Fundamentals of Rock Fracture

Crushing and grinding rock accounts for 85% of the energy needed to process minerals and amounts to about 6% of global industrial energy use. The mining company Rio Tinto has set up a £6M research centre at Imperial College with the aim of developing the “mine of the future”. The idea is to create advanced mining and mineral processing techniques that use much less energy than those employed up to now. One of the Centre’s main projects is the study of rock fragmentation, and the PIs on this project are all TYC members at Imperial College and King’s College.

As part of the project on rock fragmentation, the TYC modellers are studying fracture processes in rocks, with the specific aim of developing more efficient techniques for “block caving”. This exploits the natural fractures in rocks so that they break under gravity rather than by using explosives, making the mining process cheaper and safer. The success of the project depends heavily on interdisciplinary collaboration across the two London Colleges, because the physical processes span a wide range of length-scales. To achieve this, researchers in the Earth Science and Engineering departments at Imperial who are expert in Finite-Element and Discrete Fracture Modelling techniques are working closely with atomistic modellers in the Physics Department at King’s. An important aid in communicating information across the length scales is the “Learn-on-the-Fly” technique developed partly at King’s, which allows quantum-mechanically accurate simulations to be performed on extremely large systems. The ultimate shared goal of the collaborating groups is the prediction from first principles of the behaviour of individual fractures and fracture networks in mine ceilings, and the size distribution of rock fragments produced by their controlled collapse.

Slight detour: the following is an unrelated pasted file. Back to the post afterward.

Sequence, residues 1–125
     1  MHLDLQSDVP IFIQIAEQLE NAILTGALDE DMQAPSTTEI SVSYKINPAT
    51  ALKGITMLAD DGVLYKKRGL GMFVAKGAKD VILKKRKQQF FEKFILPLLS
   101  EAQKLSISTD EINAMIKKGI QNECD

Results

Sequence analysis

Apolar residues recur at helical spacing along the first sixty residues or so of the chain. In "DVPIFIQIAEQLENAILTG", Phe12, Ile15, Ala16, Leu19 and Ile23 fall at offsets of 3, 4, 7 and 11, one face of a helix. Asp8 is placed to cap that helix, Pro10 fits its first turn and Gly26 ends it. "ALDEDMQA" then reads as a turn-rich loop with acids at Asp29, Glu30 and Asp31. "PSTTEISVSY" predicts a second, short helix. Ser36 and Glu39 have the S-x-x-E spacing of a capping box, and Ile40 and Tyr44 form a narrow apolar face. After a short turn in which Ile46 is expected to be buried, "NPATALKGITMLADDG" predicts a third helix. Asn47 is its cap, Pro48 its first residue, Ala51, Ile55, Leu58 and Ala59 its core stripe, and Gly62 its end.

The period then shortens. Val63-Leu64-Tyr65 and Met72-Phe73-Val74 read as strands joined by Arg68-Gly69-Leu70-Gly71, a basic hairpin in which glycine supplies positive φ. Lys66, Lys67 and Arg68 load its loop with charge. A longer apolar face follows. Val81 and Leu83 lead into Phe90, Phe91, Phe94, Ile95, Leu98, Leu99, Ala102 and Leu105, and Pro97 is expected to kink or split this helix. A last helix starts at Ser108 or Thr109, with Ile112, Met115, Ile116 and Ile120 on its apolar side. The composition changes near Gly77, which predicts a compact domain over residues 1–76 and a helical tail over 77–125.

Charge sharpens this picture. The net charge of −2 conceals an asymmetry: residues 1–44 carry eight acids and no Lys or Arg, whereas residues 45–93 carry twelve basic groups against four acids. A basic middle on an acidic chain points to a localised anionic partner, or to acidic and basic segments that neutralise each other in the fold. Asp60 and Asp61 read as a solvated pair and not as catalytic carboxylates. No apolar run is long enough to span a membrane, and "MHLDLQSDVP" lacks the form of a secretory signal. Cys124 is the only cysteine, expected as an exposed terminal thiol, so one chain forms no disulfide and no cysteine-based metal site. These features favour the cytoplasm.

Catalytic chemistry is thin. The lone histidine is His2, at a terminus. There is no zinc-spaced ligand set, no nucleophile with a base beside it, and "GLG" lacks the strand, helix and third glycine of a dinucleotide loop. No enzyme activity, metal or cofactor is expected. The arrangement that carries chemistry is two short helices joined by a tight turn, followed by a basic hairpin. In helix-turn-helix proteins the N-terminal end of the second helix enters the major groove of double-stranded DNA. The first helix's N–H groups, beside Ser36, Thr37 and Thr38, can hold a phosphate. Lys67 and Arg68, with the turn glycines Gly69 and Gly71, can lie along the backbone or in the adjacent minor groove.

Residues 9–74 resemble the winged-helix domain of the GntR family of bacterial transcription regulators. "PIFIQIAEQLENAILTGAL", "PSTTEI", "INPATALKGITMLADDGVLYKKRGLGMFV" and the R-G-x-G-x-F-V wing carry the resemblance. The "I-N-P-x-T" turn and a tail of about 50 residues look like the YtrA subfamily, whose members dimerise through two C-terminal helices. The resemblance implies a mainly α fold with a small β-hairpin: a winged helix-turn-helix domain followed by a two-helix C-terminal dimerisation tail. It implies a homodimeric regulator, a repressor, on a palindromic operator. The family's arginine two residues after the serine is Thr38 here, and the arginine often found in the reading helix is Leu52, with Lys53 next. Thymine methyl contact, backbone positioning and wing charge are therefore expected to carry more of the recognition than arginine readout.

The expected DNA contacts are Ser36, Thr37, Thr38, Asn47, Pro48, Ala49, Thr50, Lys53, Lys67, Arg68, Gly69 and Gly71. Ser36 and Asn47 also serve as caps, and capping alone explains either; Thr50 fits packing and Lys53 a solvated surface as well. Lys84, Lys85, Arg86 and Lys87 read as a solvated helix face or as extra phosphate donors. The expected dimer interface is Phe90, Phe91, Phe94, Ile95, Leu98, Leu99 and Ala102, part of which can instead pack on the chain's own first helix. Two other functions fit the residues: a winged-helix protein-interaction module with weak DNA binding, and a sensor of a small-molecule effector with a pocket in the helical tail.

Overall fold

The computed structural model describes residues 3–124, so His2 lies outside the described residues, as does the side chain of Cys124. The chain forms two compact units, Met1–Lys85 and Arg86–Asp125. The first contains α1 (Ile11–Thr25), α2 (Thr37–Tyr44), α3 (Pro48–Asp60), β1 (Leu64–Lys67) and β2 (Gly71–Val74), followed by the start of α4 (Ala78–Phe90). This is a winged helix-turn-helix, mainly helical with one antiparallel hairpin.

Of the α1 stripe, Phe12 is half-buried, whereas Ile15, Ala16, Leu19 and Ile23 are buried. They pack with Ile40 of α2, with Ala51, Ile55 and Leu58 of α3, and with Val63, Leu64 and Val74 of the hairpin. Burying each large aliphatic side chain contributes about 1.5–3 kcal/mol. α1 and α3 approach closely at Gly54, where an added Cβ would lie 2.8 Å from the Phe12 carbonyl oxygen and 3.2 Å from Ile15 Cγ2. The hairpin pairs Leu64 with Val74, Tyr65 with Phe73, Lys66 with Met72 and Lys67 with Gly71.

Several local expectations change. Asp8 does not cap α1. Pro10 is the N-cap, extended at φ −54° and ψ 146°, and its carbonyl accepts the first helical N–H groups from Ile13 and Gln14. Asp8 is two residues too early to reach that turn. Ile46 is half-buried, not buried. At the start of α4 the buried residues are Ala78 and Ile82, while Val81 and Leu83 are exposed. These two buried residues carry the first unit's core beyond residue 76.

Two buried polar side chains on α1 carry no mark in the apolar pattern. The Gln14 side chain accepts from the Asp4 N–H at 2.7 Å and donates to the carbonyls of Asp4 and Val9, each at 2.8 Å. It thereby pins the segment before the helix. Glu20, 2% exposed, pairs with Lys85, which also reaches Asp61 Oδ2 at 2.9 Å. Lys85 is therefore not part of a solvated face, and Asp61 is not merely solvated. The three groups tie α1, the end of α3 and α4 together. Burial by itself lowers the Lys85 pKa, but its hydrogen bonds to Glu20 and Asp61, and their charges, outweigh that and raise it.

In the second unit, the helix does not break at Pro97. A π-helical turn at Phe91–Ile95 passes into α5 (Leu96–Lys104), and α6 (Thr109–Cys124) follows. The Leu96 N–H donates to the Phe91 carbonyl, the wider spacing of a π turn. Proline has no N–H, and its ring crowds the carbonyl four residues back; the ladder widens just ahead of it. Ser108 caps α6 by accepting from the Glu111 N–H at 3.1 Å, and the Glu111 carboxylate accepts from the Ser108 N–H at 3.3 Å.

The Rio Tinto Centre for Advanced Mineral Recovery was established in 2008 and will run until 2018. The King’s–Imperial collaboration started in 2009 and is currently funded until 2013.

 

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